He was wrong.
"Joe started yelling 'Robbie! Robbie!' in the dugout, and of course I'm thinking it's Cano," Robertson said. "And then he says, 'David Robertson!' And I'm like, 'Oh god!' He told me, 'I've got some bad news.' And I'm like, 'Oh man. What'd I do now?'
"He said, 'You're gonna have to change your plans for the All-Star break, you're going to Arizona.'"
As he was telling the story to reporters after the Yankees capped off the first half of the 2011 season with a 1-0 victory over the Tampa Bay Rays on Sunday afternoon, Robertson couldn't help but reveal a wide grin. The 26-year-old never thought he'd be going to his first All-Star Game in Phoenix -- especially a day before the festivities were set to begin. But Rays left-hander David Price backed out with turf toe on his left foot, affording Robertson the opportunity to be added to the American League roster.
"I was pretty excited," said Robertson, who has emerged as a dominant force out of the Yankees' bullpen. "I couldn't believe it. I didn't think it would come this late. I'm really excited to go."
The Yankees had been politicking for Robertson, who ranks second in the major leagues among pitchers that have thrown at least 35 innings in ERA (1.27) and first in the American League in strikeouts (56), to be chosen. But when the player and managerial selections were revealed, the University of Alabama product was left out.
"I'm a little surprised," Robertson said. "It seems like this whole season has kind of crept up on me. And now to this point, I'm one of the fortunate guys that gets to go to the All-Star team and be part of something special."
Left-hander CC Sabathia, who was also added to the team but elected not to go since he pitched a complete-game, four-hit shutout on Sunday afternoon, paid Robertson the ultimate compliment.
"I'm excited for him, young guy, he's pitched unbelievable," Sabathia, a 13-game winner going into the break, said. "He's really been the best reliever in baseball this year if you look at his numbers. He definitely deserves to go. We're all excited for him."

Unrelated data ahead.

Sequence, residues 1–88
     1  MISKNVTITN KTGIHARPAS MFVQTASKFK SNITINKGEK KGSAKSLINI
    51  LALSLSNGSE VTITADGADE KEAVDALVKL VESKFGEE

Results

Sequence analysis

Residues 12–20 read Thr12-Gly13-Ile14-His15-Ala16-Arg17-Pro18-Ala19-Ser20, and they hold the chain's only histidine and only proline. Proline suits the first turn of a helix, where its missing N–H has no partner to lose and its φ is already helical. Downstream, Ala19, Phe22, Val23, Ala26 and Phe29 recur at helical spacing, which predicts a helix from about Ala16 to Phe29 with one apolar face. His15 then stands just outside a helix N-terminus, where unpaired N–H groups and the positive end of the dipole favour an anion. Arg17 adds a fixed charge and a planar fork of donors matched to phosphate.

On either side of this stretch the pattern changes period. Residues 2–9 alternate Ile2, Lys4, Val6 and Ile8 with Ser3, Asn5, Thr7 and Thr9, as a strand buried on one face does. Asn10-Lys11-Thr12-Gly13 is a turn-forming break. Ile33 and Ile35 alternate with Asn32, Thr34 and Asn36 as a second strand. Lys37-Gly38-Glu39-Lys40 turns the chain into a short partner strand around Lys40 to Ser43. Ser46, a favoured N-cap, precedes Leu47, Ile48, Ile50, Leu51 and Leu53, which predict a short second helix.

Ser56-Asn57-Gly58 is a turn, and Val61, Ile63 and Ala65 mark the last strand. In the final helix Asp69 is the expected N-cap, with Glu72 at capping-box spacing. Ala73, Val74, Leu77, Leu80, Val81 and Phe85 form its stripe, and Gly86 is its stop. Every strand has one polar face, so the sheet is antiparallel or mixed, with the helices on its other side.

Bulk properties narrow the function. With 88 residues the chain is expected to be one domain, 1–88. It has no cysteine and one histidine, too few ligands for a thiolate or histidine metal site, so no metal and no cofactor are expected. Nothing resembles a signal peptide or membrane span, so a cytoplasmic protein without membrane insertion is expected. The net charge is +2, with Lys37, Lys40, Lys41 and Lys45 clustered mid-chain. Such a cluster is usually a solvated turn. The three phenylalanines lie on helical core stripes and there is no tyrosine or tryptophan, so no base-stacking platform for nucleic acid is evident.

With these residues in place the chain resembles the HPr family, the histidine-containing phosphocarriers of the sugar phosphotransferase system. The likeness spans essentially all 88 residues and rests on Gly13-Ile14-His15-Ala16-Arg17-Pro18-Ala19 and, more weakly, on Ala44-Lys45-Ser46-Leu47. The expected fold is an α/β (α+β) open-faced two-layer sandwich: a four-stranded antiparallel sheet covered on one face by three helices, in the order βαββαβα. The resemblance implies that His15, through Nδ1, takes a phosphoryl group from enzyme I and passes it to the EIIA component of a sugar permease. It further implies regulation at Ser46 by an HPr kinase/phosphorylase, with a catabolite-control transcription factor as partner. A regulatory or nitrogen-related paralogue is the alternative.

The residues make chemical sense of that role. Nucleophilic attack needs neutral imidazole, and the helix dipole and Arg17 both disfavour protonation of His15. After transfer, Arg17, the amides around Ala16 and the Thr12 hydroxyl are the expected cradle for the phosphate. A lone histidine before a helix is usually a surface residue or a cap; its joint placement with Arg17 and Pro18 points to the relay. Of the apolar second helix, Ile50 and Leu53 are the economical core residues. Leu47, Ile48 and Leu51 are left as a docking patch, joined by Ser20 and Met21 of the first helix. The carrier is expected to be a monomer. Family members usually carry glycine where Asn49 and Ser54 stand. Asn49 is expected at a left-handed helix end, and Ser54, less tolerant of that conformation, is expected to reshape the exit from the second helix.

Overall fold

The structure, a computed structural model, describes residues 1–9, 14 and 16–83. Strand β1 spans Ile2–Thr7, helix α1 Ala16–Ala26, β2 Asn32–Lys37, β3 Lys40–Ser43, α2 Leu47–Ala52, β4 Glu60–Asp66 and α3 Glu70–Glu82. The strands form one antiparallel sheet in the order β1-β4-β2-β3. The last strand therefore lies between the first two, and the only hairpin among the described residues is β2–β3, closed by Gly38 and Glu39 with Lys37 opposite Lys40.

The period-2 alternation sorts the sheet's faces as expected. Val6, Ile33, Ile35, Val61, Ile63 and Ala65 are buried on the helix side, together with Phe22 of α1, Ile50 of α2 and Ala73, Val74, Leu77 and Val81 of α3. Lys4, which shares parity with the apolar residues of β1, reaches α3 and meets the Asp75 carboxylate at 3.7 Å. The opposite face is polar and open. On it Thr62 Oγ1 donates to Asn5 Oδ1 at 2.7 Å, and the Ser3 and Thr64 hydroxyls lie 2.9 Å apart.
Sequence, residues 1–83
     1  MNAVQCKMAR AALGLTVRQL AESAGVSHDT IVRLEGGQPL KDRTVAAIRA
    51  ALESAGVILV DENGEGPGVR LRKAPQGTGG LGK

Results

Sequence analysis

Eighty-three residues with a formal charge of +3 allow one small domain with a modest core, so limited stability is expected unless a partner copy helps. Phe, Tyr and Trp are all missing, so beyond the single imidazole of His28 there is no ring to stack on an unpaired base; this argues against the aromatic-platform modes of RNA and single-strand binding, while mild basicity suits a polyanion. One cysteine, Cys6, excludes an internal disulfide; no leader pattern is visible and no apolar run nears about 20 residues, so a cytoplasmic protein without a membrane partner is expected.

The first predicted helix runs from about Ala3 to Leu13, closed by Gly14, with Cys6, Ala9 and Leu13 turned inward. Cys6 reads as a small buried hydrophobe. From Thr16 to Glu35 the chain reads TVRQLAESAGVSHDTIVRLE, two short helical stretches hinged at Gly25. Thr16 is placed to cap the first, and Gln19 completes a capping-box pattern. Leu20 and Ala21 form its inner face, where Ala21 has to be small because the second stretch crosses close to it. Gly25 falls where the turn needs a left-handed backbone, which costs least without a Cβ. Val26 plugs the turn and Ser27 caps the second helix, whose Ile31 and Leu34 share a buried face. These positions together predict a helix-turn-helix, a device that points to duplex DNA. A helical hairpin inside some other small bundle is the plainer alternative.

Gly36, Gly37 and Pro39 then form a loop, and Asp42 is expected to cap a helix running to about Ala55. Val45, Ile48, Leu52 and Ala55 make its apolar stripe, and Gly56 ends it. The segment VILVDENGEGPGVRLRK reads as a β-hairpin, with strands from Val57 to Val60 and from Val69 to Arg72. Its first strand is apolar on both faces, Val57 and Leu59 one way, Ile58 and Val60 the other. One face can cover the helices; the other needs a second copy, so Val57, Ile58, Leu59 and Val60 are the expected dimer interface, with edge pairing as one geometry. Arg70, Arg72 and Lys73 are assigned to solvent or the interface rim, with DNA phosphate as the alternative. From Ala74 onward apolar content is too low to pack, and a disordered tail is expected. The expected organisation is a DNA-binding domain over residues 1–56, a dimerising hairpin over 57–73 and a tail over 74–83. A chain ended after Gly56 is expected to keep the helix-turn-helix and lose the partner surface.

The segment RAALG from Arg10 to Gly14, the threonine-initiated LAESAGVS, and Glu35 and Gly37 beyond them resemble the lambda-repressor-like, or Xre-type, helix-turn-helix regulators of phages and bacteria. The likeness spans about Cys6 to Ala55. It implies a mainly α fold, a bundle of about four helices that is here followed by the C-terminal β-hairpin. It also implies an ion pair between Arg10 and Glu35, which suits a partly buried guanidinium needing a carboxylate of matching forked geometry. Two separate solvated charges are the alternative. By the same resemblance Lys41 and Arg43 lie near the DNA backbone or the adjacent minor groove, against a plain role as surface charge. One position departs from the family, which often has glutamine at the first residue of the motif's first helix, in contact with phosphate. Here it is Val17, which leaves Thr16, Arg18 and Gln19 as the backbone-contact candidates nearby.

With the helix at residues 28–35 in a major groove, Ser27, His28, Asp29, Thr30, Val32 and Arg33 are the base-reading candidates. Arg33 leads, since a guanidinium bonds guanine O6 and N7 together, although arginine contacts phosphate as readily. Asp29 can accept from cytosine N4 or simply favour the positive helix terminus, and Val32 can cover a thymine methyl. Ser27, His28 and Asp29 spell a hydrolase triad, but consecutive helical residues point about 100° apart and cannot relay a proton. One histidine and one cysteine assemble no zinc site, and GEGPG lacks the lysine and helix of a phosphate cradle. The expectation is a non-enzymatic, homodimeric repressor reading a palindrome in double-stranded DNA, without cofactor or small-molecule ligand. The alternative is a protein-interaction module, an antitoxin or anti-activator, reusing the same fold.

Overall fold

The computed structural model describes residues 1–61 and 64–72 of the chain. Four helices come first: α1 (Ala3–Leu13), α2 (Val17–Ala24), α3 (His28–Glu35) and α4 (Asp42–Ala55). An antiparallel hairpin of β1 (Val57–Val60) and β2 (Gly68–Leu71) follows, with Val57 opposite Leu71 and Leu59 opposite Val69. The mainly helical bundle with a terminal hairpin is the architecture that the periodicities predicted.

Robertson was all ready to go on a peaceful vacation in Connecticut with his wife, Erin.
He said he wanted to do some fishing. Instead, he just might be doing some pitching.
"She was really excited when I called her," Robertson said. "She said 'Really? What do I have to do to get us ready?'"
Robertson didn't even know when his flight was to leave. He hadn't gotten that far yet.
But Robertson is well-adept at adjusting on the fly.
He started the 2011 season as the Yankees' sixth-inning guy. But right-handers Rafael Soriano and Joba Chamberlain both suffered injuries, so Robertson was thrust into the eighth-inning role, a role he's handled like a wily veteran.
"I'm just trying to hang with everyone else that's pitching well in our bullpen," Robertson said. "I feel like I'm throwing a little harder and being more competitive than I normally have."
Robertson compiled a 5.82 ERA out of the Yankees bullpen during his first season in pinstripes in 2008. But he put up a 3.30 ERA in 2009 and followed that up with a 3.82 ERA in 2009, even earning the nickname "Houdini" in the playoffs for his ability to get crucial outs in key situations.
"I don't want to lose," Robertson said. "For me, I'm going to give it everything I've got to get out of those situations with runners on base. Whether it's getting a groundout or strike out, I don't care. I want to get the ball to the next guy, which is normally (Mariano Rivera)."
With a blazing fastball that's often clocked in the upper 90s and a heavy curveball, Robertson figures to be a vital cog in the Yankees' bullpen for some time.
"I'd pretty much given up on the All-Star Game," Robertson said. "I figured if it hadn't happened by now, it's not gonna happen."
As it turns out, it did.
Mike Mazzeo is a regular contributor to ESPNNewYork.com.